Decorations are everywhere with brightly adorned palm trees all through the city. And another of those dichotomies...palm trees and inflatable snow globes ???

On Dec 23rd three of the Kingston CUSO-VSO volunteer contingent will head home for Christmas and I am sad to say only one will return. Kingston is a challenging environment for international development volunteers and it has taken its toll on one of my colleagues. The other has stresses that do not pertain to Jamaica but are reflective of the difficult world many Canadians deal with - family residing in unsettled parts of the world that are subject to increased terrorism and fundamentalism. He carries great responsibility for a young man in his twenties and even so has devoted months and energy to Jamaica and others who are struggling.
My best wishes go with both these wonderful people.

I am excited and distracted by the imminent arrival of Haley and Tasha! I will leave work on December 16th and head to Montego Bay to pick the girls up at the airport. From there who knows....plans are few and Christmas celebrations in the sun will be something we create together!

Saturday, December 5, 2009

Underlying tensions

As I move from first impressions to a deeper understanding of life in Kingston I become acutely aware of the difficulty in being a Jamaican. When I talk with people and tell them of the positive experience I have had since coming here the response, almost invariably, is "we're glad there is something positive about Jamaica". There is a pervasive sadness amongst people whose country is Jamaica. A sense of loss as they see their country slipping into what might be an irreversible trend of violence and financial disaster. Sadness that this beautiful island is known for its murder, rape and gangs. People live in constant fear, fear of personal violation, fear of being in the wrong place at the wrong time, fear that one of the garrison communities will erupt into gun and gang warfare again. Many people live a life of self imposed constraint, not moving around freely, locked and gated into enclaves. Those that are privileged live behind their security measures, guards, dogs, alarms, gates and bars, those that are not live in fear or are co-opted to survive. This is not confined to Kingston but is now extending to other towns, cities and even the countryside. And there is a sense of shame that the country has deteriorated to a place that is hard to be proud of despite amazing athletes, wonderful music and a plentiful land.

Yesterday the headlines in the 3 papers emphasised just how pervasive violence is and just how far into the institutions it goes. "Crazy Gunfight", "Guns For Hire" "Corrupt Cops Must Go". Jamaica has struggled with political tribal warfare, gangs and drugs and now is fearful that a generation of children think that violence is the only way to survive. The violence amongst the youth is what feels different about the current situation, the increase in violence in the schools and violence between children is what is troubling people most.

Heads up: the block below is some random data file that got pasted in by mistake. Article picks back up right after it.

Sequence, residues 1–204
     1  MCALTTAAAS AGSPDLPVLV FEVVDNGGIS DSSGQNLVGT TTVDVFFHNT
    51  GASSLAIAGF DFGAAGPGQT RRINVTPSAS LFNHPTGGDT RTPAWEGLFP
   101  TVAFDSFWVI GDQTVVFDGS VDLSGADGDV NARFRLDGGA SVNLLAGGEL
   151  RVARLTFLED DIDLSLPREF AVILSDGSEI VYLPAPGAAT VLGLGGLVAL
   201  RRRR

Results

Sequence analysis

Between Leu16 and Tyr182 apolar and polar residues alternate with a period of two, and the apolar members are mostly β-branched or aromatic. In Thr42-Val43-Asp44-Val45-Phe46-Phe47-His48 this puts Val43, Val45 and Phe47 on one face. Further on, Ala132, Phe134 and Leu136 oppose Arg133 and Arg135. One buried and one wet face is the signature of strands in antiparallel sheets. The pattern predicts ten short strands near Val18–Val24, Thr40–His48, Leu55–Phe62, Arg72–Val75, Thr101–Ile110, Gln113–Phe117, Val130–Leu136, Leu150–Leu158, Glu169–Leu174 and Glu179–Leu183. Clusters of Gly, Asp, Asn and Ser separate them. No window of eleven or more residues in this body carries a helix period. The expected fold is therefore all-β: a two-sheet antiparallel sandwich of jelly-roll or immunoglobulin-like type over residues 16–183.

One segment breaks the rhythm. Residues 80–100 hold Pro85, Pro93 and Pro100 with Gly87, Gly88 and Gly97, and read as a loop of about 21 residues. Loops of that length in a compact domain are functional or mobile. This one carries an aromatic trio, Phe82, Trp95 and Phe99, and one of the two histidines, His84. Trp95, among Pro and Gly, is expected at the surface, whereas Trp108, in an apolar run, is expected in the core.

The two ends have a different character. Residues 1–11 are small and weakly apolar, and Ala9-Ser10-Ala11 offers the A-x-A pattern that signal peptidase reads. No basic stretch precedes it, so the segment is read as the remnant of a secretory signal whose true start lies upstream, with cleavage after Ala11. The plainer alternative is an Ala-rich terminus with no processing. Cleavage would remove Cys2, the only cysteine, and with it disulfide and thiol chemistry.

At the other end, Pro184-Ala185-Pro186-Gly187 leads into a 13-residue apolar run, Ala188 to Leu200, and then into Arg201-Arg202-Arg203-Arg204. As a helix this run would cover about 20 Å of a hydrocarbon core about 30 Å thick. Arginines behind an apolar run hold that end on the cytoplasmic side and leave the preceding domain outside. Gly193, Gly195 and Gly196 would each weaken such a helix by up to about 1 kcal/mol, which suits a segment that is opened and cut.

Dinner conversation last night turned to what are we doing here, as foreigners, trying to build capacity. Can we really do anything that will make a difference to those that are disadvantaged? It is a question I have considered a great deal since getting established here. I believe there are a number of ways we can help. We bring expertise that many of the NGOs cannot afford to buy and which builds the capacity within the organisations and these are the organisations that are taking on the issues. Within the context that I am working I believe we will help bring systems and processes that will reduce the stress and chaos in the organisation, freeing up energy for service delivery and creativity. In a larger context we can bring hope, we see potential and opportunities where those that have struggled through the decline are struggling to see ways out. We bring a voice that can challenge the status quo without fear. Asking questions that can promote discussions, offering suggestions that can promote creativity and bringing experience from other countries that reminds Jamaicans that although things are dark they are not alone in this struggle. By our very prescence, commitment and investment there is a message that says "we think its worth it, we believe there can be change" and this can be a powerful message in a culture of hopelessness. One of our challenges is maintaining our optimism and energy when we cannot offer solutions.
This week, as the big picture looked grim and daunting, I was asked to work with some of the students in programme, talking with each of them about how as individuals they can make different choices and take hold of their lives, and it was a good reminder that even of the big picture is hard to tackle, helping to change things for even one child is of great value. One day at a child at a time....I will strive to make each action count.

What others can do is help the economy by visiting this beautiful island where the beaches and coastal towns,waterfalls and mountains, and forests and plantations are stunningly beautiful. As a visitor, one is welcomed royally, cared for, and protected from the stress and difficulties.

Perhaps the upcoming weekend at the beach due to the kindness of friends, will lighten my sombre tone.